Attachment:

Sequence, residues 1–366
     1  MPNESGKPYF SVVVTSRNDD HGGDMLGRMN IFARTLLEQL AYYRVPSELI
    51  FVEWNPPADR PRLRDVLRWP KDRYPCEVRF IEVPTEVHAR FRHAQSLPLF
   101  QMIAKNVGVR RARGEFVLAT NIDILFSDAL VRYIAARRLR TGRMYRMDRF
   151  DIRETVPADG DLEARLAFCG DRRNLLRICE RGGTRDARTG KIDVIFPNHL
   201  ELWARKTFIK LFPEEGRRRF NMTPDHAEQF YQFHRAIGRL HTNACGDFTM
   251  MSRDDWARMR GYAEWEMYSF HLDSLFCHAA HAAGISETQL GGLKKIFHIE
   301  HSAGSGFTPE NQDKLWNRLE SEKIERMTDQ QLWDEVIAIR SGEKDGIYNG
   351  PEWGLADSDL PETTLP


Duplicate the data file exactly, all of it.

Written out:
Sequence, residues 1–366
     1  MPNESGKPYF SVVVTSRNDD HGGDMLGRMN IFARTLLEQL AYYRVPSELI
    51  FVEWNPPADR PRLRDVLRWP KDRYPCEVRF IEVPTEVHAR FRHAQSLPLF
   101  QMIAKNVGVR RARGEFVLAT NIDILFSDAL VRYIAARRLR TGRMYRMDRF
   151  DIRETVPADG DLEARLAFCG DRRNLLRICE RGGTRDARTG KIDVIFPNHL
   201  ELWARKTFIK LFPEEGRRRF NMTPDHAEQF YQFHRAIGRL HTNACGDFTM
   251  MSRDDWARMR GYAEWEMYSF HLDSLFCHAA HAAGISETQL GGLKKIFHIE
   301  HSAGSGFTPE NQDKLWNRLE SEKIERMTDQ QLWDEVIAIR SGEKDGIYNG
   351  PEWGLADSDL PETTLP